5. The semiconductor in accordance with claim 4, wherein
said fourth semiconductor layer is more deeply formed than said third semiconductor layer.
6. The semiconductor in accordance with claim 4, wherein
a second conductivity type fifth semiconductor layer higher in impurity concentration than said second semiconductor layer is formed adjacently to a bottom portion of said third semiconductor layer.
7. The semiconductor in accordance with claim 6, wherein
said fifth semiconductor layer is formed more deeply than said second semiconductor layer.
8. The semiconductor in accordance with claim 1,
further comprising a second conductivity type sixth semiconductor layer selectively formed over a region held between said first main electrode and said first control electrode up to a part a region facing said first main electrode in said surface of said third semiconductor layer,
said third semiconductor layer being exposed in a region held between a surface of said sixth semiconductor layer and an exposed surface of said second semiconductor layer, while being opposed to said first control electrode in said region.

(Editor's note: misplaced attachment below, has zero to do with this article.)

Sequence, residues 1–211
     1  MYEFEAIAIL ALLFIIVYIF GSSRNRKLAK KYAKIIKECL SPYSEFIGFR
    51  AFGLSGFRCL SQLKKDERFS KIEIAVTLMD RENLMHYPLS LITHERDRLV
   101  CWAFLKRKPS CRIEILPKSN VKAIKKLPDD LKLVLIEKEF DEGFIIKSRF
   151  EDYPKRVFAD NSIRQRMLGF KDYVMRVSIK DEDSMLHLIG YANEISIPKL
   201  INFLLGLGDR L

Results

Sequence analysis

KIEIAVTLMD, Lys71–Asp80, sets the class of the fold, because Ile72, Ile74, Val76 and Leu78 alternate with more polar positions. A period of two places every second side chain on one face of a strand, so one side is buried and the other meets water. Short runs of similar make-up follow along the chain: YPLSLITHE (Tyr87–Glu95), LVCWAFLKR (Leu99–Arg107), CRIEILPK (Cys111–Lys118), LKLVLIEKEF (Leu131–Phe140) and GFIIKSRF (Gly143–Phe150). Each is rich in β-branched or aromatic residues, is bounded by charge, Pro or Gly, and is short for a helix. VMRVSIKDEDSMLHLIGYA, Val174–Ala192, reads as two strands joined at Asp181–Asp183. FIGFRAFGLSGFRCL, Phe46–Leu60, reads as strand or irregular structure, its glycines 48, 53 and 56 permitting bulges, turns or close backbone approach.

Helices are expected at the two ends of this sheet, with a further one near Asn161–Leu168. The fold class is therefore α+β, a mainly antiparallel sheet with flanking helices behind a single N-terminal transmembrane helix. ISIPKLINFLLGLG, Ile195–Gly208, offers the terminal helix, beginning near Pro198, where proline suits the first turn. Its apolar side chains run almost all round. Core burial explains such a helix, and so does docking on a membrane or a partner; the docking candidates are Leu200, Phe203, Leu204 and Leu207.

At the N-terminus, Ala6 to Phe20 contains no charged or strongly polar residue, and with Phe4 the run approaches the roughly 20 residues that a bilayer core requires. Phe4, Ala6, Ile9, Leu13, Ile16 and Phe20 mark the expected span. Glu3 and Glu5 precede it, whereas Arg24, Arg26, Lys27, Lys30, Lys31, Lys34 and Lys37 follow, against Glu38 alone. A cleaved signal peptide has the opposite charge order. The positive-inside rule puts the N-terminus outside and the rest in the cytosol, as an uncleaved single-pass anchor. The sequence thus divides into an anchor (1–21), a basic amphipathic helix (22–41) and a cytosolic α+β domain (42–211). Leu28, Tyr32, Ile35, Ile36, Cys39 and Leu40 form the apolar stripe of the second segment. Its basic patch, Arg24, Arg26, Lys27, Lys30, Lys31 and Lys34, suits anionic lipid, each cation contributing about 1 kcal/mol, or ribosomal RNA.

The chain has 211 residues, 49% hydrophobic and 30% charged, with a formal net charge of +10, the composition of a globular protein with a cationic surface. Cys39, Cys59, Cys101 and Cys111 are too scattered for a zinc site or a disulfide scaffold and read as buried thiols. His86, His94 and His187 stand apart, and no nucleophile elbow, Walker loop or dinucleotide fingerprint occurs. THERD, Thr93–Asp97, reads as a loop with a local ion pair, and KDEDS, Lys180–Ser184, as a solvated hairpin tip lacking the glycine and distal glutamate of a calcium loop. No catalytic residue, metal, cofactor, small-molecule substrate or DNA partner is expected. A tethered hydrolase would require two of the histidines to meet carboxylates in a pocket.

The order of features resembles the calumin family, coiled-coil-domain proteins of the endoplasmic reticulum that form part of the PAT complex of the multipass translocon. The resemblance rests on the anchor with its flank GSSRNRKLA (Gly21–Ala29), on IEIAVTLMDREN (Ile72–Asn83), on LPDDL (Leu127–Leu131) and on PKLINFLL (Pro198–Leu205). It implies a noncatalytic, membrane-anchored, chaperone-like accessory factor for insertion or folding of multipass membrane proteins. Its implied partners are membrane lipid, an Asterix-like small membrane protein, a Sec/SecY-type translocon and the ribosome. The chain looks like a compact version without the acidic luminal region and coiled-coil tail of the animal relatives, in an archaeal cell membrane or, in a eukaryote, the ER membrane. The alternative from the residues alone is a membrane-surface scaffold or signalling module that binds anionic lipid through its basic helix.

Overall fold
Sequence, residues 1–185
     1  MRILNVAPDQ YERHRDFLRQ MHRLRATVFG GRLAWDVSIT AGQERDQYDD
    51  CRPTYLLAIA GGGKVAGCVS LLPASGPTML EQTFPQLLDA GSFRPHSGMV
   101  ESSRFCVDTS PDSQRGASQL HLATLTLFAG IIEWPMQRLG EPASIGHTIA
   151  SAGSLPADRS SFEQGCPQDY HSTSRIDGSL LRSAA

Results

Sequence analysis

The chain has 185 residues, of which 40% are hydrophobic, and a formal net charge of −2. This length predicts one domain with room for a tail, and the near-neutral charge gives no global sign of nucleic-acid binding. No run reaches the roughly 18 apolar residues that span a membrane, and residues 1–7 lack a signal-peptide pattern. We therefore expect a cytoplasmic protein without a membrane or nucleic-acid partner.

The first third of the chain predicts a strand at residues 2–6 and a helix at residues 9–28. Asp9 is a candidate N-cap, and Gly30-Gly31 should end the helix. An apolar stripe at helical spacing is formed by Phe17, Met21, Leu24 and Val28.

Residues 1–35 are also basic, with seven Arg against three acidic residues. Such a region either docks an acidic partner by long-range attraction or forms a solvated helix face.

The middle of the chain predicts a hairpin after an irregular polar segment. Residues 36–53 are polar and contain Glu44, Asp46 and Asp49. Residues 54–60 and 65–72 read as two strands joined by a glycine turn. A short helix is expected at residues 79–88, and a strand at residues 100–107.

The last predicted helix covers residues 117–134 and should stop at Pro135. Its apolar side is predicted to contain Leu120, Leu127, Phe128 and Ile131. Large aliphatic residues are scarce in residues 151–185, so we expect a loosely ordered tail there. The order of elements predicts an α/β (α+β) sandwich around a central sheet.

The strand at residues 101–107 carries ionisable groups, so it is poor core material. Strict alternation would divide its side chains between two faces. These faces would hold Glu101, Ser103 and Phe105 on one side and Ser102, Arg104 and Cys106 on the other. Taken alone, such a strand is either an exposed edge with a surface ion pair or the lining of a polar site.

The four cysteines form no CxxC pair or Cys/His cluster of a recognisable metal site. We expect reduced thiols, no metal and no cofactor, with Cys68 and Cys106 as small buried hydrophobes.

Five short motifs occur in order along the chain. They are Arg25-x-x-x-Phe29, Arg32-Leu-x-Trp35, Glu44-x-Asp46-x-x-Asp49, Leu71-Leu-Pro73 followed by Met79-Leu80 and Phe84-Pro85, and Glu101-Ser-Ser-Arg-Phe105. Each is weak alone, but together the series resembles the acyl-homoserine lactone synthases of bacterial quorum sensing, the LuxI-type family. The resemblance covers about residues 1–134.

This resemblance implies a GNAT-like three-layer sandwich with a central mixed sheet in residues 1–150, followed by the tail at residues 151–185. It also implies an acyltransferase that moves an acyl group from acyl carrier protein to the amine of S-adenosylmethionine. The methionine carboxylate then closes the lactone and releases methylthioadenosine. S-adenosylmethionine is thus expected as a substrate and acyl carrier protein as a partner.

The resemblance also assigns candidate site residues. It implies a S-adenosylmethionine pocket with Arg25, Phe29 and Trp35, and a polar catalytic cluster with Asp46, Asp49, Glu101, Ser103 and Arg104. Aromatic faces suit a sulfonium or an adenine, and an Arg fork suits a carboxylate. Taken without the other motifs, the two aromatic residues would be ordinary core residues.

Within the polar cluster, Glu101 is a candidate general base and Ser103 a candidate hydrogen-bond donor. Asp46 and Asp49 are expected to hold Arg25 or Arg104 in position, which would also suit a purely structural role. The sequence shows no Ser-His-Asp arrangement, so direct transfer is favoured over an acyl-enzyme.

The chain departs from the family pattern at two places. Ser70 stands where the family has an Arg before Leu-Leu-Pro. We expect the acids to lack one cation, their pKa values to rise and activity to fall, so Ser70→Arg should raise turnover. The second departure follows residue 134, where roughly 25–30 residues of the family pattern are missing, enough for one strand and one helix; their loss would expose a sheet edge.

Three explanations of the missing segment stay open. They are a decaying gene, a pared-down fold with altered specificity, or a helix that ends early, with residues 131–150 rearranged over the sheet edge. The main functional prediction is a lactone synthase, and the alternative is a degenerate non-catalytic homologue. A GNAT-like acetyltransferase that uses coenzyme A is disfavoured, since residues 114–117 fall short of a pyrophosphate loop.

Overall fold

9. The semiconductor in accordance with claim 1, wherein
said second semiconductor layer is selectively formed on a region enclosed with an external region along an outer periphery in said first major surface of said first semiconductor layer,
said transistor further comprising:
a second conductivity type seventh semiconductor layer so selectively formed in said external region as to enclose said second semiconductor layer, and
a third main electrode formed on a surface of said seventh semiconductor layer and electrically connected with said first main electrode.
10. The semiconductor in accordance with claim 9, wherein
said first and third main electrodes are formed on said first major surface while integrally coupling with each other.